The Art Society at Durham University then apologised for including her. Members of the society had been invited to take part in a portrait competition to mark International Women’s Day. Among the suggested subjects were Florence Nightingale, Cleopatra, Marie Curie, and Britain’s first female Prime Minister.
However, Mrs Thatcher was suddenly removed from the list.
Mrs Thatcher was not the only female personality to be removed.
French designer Coco Chanel was also removed from the list after complaints.
The organisers then issued an official apology.
The statement read: “Considering Durham’s history as a former mining town, the impact of Thatcher’s policies, as well as her homophobia, her inclusion was an error.”
The member’s statement also said: “Coco Chanel also had links to Nazis so her inclusion was also extremely erroneous.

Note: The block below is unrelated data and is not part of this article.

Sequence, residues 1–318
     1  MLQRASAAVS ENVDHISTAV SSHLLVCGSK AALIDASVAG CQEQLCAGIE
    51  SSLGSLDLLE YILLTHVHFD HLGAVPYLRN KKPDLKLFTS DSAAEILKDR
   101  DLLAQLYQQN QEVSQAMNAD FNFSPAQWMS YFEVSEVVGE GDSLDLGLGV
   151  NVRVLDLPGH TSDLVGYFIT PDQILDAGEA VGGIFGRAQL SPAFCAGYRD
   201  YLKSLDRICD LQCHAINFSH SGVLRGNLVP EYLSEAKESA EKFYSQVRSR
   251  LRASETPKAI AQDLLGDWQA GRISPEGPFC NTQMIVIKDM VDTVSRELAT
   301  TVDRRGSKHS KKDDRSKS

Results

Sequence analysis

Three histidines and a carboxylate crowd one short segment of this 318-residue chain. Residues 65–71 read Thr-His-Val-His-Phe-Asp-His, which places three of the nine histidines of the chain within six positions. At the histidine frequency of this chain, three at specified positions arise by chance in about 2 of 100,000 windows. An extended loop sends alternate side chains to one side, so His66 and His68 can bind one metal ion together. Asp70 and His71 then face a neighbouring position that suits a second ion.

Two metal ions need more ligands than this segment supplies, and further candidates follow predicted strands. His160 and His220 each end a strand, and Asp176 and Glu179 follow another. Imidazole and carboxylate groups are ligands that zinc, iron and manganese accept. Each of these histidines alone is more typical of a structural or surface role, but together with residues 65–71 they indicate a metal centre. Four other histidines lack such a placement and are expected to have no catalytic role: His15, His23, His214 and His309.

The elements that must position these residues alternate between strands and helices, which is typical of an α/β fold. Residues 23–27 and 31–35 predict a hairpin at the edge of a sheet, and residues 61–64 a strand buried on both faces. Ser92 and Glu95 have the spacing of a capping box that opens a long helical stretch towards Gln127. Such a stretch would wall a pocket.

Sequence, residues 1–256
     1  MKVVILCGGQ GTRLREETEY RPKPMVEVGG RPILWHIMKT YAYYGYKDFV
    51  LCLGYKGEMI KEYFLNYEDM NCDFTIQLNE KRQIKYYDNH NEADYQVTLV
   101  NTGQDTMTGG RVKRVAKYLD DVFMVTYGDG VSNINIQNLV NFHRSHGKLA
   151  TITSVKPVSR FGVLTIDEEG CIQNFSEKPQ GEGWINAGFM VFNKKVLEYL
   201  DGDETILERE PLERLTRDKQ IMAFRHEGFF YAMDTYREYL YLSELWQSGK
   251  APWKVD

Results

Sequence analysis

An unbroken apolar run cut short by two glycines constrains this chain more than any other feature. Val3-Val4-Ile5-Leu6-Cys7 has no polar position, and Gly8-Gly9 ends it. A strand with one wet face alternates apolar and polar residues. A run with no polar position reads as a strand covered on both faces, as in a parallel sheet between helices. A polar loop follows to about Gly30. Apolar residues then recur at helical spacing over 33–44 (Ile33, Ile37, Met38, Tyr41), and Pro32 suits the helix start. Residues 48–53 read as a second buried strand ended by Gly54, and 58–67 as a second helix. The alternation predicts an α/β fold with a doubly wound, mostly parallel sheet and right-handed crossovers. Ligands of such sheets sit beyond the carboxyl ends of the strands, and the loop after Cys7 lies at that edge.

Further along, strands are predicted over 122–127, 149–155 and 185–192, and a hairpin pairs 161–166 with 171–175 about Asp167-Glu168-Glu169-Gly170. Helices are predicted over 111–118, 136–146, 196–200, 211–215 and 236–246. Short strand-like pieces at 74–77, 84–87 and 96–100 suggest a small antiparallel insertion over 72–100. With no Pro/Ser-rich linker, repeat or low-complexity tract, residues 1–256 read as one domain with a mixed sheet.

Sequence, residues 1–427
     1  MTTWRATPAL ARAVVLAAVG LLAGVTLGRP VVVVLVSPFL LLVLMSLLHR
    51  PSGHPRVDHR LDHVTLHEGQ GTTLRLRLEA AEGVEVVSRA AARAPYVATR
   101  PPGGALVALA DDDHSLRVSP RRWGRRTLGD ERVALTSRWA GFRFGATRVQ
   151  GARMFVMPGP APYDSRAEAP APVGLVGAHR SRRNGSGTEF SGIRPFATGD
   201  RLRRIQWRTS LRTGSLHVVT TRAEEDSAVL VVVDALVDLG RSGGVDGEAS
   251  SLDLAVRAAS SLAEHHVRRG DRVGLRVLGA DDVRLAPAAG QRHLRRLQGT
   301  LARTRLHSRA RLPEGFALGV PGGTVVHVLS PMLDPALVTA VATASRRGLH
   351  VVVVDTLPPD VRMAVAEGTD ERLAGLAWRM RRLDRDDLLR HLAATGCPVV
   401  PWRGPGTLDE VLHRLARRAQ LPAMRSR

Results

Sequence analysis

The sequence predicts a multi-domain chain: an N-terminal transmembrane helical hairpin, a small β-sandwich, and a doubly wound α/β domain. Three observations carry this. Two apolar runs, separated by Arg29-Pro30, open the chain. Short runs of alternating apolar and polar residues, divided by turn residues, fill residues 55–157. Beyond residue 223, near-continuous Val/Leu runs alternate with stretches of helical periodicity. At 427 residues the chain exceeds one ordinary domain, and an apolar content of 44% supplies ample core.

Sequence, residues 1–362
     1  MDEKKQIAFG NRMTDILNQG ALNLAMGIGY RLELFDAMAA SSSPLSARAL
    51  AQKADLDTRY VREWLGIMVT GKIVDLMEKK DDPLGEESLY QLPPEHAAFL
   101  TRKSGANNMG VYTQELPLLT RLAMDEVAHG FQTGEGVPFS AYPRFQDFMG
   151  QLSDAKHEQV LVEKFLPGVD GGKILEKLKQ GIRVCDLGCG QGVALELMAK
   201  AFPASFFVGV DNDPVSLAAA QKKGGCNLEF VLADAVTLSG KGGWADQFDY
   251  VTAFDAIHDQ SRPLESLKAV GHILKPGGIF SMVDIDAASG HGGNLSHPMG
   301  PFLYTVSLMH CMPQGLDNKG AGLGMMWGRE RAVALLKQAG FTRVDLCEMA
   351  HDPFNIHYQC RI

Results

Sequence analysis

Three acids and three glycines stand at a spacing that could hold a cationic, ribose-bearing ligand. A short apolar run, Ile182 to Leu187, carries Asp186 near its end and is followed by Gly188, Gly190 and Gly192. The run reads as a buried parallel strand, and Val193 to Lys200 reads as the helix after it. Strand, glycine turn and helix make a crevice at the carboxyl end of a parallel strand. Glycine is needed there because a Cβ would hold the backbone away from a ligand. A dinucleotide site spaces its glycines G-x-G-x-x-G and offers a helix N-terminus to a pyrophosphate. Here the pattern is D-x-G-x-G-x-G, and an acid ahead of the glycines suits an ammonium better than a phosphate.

“We can only apologise for any offence or insult to anyone in our community that this may have caused.”
Toby Young, general secretary of the Free Speech Union, accused the Art Society and their joint organisers, the History in Politics Society, of capitulating to “woke bullies”.
READ MORE: Guy Verhofstadt sparks backlash over Thatcher claim – ‘Rubbish!’
This was in order to expose innate “racism, homophobia, transphobia and disability discrimination”.
In early February, Baroness Royall of Blaisdon, principal of Somerville College, told all students to complete the online lesson.
Students were told they must “achieve a mark of 100 percent” in a final test.
The Labour peer, who served in Ed Miliband’s shadow cabinet, also said there was “irrefutable evidence” that injustices in society were being accelerated by “individual unconscious biases that many or all of us have”.